In the recent times, the representation of mothering and motherhood onscreen has received a blow with the advent of feminist fathers in the mainstream Hindi cinema scene. In the last few years, Bollywood has produced the likes of Sachin Sethi (played by Kumud Mishra) in Thappad (2020), Bhaskar Banerjee (played by Amitabh Bacchan) in Piku (2015) and the characters of Colonel Anup Saxena and Narottam Mishra played by Pankaj Tripathi in Gunjan Saxena: The Kargil Girl (2020) and Bareilly Ki Barfi (2017) who have been portrayed as the harbingers of feminism, equalism and humanism in 21st century India, seldom succumbing to hegemonic patriarchal values and raising their daughters to become gender-neutral cosmopolitans. However, focus on the feminist fathers, urban middle class dads who do a better job than onscreen mothers to burst the gender bias by treating his daughter as fairly as he does his son – has either written the mother out of the story or marginalised and negated her subjectivity. This new focus on the father brings home the notion that Bollywood is simply interested to create discourses for mothers as an agent of reproduction or as nurturers – images that fall within the strictures of the patriarchal feminine. Otherwise how do we account for such empowered representation of the father – the male and such marginalisation of the mother – the female in mainstream Hindi cinema? Is the feminist father trope reiterating Bollywood’s need for a ‘hero’ (this time, the father) to impart discourses on gender equality? Is the focus on the feminist father the latest form of the age-long male utopian urge to control a female centric narrative, to control the female body, perhaps to the extent of eliminating the mother’s agency and subjectivity altogether?
Representation of motherhood in Bollywood: The onward journey
Given mainstream Hindi cinema’s national and global reach, its impact on the audience and both Indian and the diaspora societies at large, it is crucial that filmic representations begin to question the depiction of the maternal figure who either conforms to the role of the patriarchal feminine or is othered due to her non-conformist desires, her subjectivity and her individualism. Although there has been a proliferation of research on motherhood in the last decade, the needs and experiences, struggles and desires of mothers and motherhood has never been the focus in Indian film studies on the feminine. Unrealistic portrayals of postpartum women both in Bollywood and Hindi television have empowered society to ask questions such as: Are career women as mothers good? How do they balance work and mothering? Not to forget the countless articles in lifestyle magazines and portals offering both natural and surgical ways by which women can reclaim their pre-pregnancy bodies.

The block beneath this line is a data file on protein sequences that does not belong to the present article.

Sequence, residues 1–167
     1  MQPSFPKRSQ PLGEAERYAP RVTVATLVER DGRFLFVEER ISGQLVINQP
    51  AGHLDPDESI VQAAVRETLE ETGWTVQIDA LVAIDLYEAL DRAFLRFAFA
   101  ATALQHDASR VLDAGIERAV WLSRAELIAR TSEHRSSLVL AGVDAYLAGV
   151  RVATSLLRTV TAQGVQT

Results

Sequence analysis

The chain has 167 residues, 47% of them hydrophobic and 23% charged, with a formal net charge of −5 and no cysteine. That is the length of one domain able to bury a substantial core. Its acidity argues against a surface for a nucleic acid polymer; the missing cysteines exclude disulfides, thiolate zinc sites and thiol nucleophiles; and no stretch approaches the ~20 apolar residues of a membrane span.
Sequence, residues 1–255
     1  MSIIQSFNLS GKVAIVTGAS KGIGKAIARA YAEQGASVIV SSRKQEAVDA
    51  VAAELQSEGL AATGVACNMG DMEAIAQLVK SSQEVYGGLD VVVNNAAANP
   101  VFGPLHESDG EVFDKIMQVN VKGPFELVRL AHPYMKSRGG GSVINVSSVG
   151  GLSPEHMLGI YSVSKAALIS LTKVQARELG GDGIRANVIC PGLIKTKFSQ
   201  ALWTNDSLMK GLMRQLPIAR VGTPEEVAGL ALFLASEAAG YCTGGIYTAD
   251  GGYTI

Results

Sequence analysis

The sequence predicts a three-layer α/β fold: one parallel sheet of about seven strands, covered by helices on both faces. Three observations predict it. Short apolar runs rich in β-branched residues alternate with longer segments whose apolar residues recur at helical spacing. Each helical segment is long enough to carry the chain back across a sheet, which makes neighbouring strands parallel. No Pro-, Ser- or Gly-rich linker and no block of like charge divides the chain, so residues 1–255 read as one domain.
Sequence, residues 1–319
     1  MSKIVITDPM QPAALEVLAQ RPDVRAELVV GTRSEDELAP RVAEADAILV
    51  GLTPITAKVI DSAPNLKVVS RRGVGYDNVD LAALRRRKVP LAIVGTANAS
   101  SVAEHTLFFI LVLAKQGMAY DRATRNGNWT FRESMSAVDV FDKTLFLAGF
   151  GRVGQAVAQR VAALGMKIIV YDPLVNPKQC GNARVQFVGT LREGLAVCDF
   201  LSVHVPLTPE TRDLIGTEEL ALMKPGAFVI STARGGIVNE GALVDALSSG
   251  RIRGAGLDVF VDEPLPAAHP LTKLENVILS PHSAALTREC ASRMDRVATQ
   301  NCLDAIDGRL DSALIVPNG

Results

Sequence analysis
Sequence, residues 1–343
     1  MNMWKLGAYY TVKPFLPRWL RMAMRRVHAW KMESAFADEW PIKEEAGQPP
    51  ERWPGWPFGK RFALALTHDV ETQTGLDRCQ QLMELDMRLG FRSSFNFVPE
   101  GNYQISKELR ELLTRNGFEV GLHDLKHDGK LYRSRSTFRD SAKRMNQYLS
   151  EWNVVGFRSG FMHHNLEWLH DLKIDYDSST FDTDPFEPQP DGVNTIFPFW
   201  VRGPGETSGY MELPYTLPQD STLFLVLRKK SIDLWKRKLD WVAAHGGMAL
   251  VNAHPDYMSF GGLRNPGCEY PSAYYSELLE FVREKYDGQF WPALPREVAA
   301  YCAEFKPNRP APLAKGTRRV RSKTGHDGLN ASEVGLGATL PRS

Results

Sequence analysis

It is time that mainstream Hindi cinema takes into account the gap between idealized depictions of blissful maternity and the more complicated and exhausting reality that mothers undergo on a daily basis. Just as in memoirs, blogs, anthologies and zines, cinema should also deliberate on mothering experiences, their joys, disappointments, desires and struggles representing mothering in ways that resist guilt for those supposedly non-maternal feelings, that refuse to pathologize their own frustration and rage, and that seek broader contexts and communities in which to understand their experiences of motherhood, both the good and the bad (Kawash, 2011). As Mitra observes,
“Motherhood as a lived experience is not measured in the same way as in the past – both mothers and society have undergone changes. Now we have a different familial structure in India, with working mothers, nuclear families, and changing models of parenting. There are homosexual marriages, IVF conceptions (cytoplasmic and nuclear transfers, cloning), and surrogacy to be considered. The concept of motherhood in India thus needs to be revisited.” (2020)
Further the voice of women and motherhood on the margins is yet to be represented in mainstream Indian cinema. For instance, the interrelationship between mother’s bodies, labour, global capital and class have rarely been represented onscreen. We rarely have filmic representations that deliberate on, for instance the intersections of caste, class, gender and religion and their impact on the performance of everyday motherhood and forms of mothering. In this regard, the practise of intersectionality in cinema is essential to create an inclusive environment where the concepts of mothering and motherhood can be deliberated across frontiers including race, culture, ethnicity, religion and gender. Whilst feminist scholarship in the past (primarily in the West) have focused on the various ways in which mothers cannot or will not submit to the (white, middle-class, heterosexual) norms of good mothering, it is time that studies on motherhood in India is attentive to mothers from all rungs of the Indian society. Indian film studies on the feminine need to acknowledge motherhood in all its contradictions and complexities and only by doing so will it be able to inhibit mainstream Indian cinema from representing ideal mothering practices and motherhood stereotypes wherein mothers are shown to collude in their own gender oppression by choosing for themselves the oppressive roles and tasks patriarchy has assigned them. It’s time that cinematic representations of motherhood evolve and accommodate to represent the voice and agency of mothers and in doing so honour those desires and subjectivities that have thus far been invisibilised and supressed by mainstream Hindi cinema’s patriarchal constructs.